LGBTQ Service Guides: Connecting New Yorkers 'To What They Need'

LGBTQ Service Guides: Connecting New Yorkers 'To What They Need'

June 23, 2015

In concurrence with Pride month, the New York City public advocate’s office released—for the first time—a resource guide to mental health services for LGBTQ people living in New York City, called “Tackling Mental Health Services in the LGBT Community.”

The public advocate’s office highlights the need for LGBTQ mental health service information, citing startling statistical realities: 42 percent of LGBTQ youth live in communities unaccepting of LGBTQ people, 33 percent of transgender youth have attempted suicide, and lesbian and bisexual women are twice as likely as heterosexual women to experience suicidal thoughts in the past year.

"LGBT individuals and individuals coping with mental illness are two of the most harshly discriminated against and stigmatized groups in society," said Public Advocate Letitia James in a press release. “No LGBT New Yorker should be afraid to reach out for treatment, or feel that they have nowhere to turn for counseling and support.”

While this was the first time the public advocate has issued a guide, which organizes services by borough, the Office of New York City Comptroller Scott M. Stringer published its updated, annual guide for various LGBTQ services and launched a website containing similar information on June 22.

“New York City, home of the gay rights movement and one of the most LGBTQ-friendly communities in the world, deserves a guide that can connect people to the services they need,” said Stringer in a press release.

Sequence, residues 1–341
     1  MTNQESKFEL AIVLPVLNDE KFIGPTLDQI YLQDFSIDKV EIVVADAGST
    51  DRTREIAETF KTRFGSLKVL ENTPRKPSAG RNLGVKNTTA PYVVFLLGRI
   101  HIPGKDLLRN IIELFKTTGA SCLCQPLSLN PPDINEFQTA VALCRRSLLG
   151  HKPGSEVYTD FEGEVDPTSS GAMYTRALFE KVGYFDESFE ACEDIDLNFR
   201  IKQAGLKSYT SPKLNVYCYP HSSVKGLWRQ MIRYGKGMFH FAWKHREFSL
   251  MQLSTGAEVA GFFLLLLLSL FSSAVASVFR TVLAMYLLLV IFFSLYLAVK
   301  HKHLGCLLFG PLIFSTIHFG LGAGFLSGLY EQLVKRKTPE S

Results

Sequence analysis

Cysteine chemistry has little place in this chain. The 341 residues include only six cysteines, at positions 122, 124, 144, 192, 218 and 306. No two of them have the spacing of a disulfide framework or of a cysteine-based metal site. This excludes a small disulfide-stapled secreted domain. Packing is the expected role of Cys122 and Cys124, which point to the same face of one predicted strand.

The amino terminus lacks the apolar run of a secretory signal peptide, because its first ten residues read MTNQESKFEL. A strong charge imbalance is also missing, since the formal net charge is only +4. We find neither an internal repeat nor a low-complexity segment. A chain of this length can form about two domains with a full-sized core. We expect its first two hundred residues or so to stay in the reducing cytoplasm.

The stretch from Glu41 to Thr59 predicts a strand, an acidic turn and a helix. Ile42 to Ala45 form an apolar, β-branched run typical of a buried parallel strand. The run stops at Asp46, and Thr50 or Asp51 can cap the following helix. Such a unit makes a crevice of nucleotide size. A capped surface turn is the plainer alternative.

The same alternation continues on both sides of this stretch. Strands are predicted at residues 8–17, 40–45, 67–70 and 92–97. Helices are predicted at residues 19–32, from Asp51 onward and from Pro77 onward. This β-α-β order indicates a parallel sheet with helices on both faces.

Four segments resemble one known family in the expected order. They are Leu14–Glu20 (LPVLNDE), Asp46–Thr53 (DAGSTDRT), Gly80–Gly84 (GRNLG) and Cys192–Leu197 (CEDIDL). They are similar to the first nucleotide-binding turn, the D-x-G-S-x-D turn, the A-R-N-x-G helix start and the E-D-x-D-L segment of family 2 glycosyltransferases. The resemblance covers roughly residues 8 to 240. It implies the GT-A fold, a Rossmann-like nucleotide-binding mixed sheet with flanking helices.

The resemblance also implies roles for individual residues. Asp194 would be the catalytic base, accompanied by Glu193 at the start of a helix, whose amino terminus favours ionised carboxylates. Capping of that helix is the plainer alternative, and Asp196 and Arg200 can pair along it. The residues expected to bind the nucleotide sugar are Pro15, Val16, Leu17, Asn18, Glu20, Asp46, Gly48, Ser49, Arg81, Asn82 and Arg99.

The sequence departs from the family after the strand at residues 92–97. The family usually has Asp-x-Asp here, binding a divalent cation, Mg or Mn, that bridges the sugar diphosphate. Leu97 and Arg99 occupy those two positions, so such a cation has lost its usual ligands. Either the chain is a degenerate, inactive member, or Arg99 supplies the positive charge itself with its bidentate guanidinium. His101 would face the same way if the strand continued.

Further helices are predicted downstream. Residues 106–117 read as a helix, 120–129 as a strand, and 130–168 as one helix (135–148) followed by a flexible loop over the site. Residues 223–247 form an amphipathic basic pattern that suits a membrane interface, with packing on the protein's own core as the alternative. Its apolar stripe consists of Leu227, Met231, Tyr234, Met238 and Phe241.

This year’s edition includes 250 updated entries and 30 new additions compared to last year’s guide, as well as information about approximately 600 nonprofits and programs providing myriad services to the LGBTQ community.

Information is organized by type of service—like senior care, youth services or health needs—and by borough, including maps of where services are located.

“[The guide] sends a really positive message that city government is interested that the LGBT community has resources and that they can be healthy and successful,” said Glennda Testone, executive director of The Lesbian, Gay, Bisexual & Transgender Community Center, referred to as The Center. “It connects a lot of New Yorkers looking for services to what they need.”

The Center, which provides its own services and information about services online, has conferred with the comptroller’s office about its annual guide in previous years.

Testone says that the public advocate’s inclusion of a mental health service guide is another example of city government’s efforts to making New York City a welcoming place for LGBTQ people.

“You never have to be alone in this city. There are always people here to help,” she added.


Thomas Seubert